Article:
"People call me a connector,"said Churchill, "and I like that phrase because that's what I really do want to do, is try to connect art buyers, people who appreciate and want to own really nice art in their home, with creators, people who are creating art."
Churchill started the first Art of Photography Show in 2004. Held at a small La Jolla gallery, the show was wildly successful; people showed up, lots of people, and some even bought work.
That first year, Churchill played the role of organizer, curator and judge, but by the second show in 2006, he outsourced the judging responsibility to someone he thought would do a better job, Arthur Ollman, then the director of the San Diego Museum of Photographic Arts. The second show was even better than the first; they received 9,500 entries from 32 countries and sold a quarter of the work. Pleased with the results, Churchill decided late last year to add yet another endeavor to his agenda, The Art of Digital Show, which features digital paintings, video works and digitally manipulated photos. He managed to get Hugh Davies, Museum of Contemporary Art San Diego executive director, to step in as the judge, and, again, the show was a huge success; they received more than 2,700 entries from across the globe and sales were good. Needless to say, the business plan for both shows seems to be working.
This year's Art of Photography Show received exactly 9,876 entries. The judge, Tim Wride, founding executive director of The No-Strings Foundation, a nonprofit providing funding for photographers, and interim curator of photography at the Los Angeles Contemporary Museum of Art, took three days to narrow the entries down to 103. He awarded 14 of those photos plus one photographic series special awards (the exact places-first second, third, etc.-will not be announced until the show opens). Wride says people should expect to see more than just nicely lit, well-composed photos in this year's show.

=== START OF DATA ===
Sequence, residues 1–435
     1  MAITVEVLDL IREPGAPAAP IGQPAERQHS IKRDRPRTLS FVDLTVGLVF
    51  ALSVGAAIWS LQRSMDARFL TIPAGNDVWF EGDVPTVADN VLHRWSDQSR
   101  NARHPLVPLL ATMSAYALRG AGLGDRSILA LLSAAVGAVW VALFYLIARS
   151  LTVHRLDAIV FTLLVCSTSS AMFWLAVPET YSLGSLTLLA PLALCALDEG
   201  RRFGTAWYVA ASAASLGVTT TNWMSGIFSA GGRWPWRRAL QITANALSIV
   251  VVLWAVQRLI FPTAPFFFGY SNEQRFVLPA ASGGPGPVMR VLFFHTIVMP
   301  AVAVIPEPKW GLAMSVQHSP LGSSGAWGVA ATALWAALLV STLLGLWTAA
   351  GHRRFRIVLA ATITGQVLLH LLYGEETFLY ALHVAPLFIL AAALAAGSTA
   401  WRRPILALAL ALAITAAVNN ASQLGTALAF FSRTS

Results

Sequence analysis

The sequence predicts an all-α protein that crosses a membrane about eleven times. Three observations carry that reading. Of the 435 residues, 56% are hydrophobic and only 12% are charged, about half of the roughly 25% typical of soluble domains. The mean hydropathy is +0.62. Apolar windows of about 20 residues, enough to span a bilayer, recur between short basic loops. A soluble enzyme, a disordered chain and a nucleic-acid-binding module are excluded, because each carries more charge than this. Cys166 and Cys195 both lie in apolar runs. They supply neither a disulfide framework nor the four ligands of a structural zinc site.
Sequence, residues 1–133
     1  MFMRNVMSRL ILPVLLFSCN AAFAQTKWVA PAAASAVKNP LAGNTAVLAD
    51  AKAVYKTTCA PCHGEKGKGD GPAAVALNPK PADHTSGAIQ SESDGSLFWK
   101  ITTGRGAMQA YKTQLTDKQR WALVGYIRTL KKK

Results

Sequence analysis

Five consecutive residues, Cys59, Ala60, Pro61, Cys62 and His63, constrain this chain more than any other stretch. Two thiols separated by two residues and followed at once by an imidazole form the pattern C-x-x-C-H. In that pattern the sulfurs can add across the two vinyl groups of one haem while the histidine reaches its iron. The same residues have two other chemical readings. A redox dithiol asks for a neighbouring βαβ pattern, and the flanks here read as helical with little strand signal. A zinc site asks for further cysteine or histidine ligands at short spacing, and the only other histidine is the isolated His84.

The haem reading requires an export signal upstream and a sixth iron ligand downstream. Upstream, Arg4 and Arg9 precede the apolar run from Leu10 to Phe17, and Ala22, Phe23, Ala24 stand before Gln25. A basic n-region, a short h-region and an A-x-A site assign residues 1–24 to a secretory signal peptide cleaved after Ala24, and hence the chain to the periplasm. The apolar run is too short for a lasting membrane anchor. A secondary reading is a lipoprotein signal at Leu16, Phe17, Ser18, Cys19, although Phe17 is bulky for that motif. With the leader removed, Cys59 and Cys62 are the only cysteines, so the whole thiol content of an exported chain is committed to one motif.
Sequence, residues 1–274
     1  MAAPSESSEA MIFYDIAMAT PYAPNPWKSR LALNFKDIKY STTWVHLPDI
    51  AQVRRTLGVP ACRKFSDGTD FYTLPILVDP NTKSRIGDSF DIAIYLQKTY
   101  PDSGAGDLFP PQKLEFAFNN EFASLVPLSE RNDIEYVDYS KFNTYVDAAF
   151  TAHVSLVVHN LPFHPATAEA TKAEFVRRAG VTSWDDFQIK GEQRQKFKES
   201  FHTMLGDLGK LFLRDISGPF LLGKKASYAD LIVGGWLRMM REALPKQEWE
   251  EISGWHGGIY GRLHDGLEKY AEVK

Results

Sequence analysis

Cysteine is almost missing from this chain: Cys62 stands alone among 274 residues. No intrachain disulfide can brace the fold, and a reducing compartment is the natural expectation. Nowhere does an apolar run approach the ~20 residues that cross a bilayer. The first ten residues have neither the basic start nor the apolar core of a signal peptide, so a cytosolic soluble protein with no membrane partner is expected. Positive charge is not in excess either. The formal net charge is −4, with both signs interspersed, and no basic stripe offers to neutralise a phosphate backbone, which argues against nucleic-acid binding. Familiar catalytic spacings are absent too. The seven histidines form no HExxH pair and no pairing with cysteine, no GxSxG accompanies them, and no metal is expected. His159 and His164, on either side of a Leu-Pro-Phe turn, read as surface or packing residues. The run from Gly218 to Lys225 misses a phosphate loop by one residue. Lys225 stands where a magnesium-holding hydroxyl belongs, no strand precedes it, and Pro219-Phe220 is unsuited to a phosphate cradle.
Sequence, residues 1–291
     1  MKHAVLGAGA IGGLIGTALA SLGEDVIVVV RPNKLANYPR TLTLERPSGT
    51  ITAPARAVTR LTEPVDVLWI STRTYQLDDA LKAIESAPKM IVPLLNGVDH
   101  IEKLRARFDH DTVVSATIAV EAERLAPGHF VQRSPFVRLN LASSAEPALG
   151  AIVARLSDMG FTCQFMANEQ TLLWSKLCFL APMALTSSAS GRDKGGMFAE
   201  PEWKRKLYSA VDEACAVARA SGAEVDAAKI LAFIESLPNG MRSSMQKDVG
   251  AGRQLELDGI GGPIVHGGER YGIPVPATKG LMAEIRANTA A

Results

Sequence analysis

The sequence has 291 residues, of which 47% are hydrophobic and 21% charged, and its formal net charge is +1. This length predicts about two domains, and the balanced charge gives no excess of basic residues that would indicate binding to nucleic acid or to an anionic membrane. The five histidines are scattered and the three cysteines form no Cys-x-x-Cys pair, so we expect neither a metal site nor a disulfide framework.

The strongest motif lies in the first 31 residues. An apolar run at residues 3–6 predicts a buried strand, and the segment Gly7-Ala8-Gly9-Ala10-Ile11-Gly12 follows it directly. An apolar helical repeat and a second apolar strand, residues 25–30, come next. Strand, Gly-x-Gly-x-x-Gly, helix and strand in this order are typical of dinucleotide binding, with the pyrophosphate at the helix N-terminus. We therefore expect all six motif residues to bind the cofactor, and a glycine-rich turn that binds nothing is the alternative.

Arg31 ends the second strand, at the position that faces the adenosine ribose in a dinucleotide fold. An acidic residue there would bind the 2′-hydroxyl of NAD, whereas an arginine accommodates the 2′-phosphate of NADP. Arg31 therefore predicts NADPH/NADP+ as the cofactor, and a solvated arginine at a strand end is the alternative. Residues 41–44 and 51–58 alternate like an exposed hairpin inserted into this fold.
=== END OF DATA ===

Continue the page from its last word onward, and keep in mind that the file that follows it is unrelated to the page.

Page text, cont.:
"We're in a spot right now in art photography," Wride said, "where you have to put up or shut up. It's really no longer just about the image, although beautiful images have their place and documentary images have their place, yet in the art market there seems to be an expectation for more."
All of the high-profile judges Churchill's used in his shows seem to be looking for that same thing: "images with an idea that's expressed," he said.
"They really aren't looking much for pretty pictures, and they definitely aren't looking for something that's out there that's been done and redone and redone a million times. They're looking for something kind of novel and somewhat unique, but also has some sort of content."
Something kind of like Purlia's work, which offers subtle social commentary in whimsical and creative ways. Although Purlia didn't actually get in the year Churchill approached him at the La Jolla show, he entered again this year and his photo "Final frame at the Cuius Deo Optimo Open," a picture of a bowler looking like he's ready to knock down a choir of nuns, made the cut.
"Final Frame at the Cuius Deo Optimo Open" is on CityBeat's cover this week. The Art of Photography Show opens at the Lyceum Theatre Gallery in Downtown's Horton Plaza from 6 to 9 p.m. Saturday, April 14. The show will be on view through May 28. 858-793-0900 or www.artofphotographyshow.com.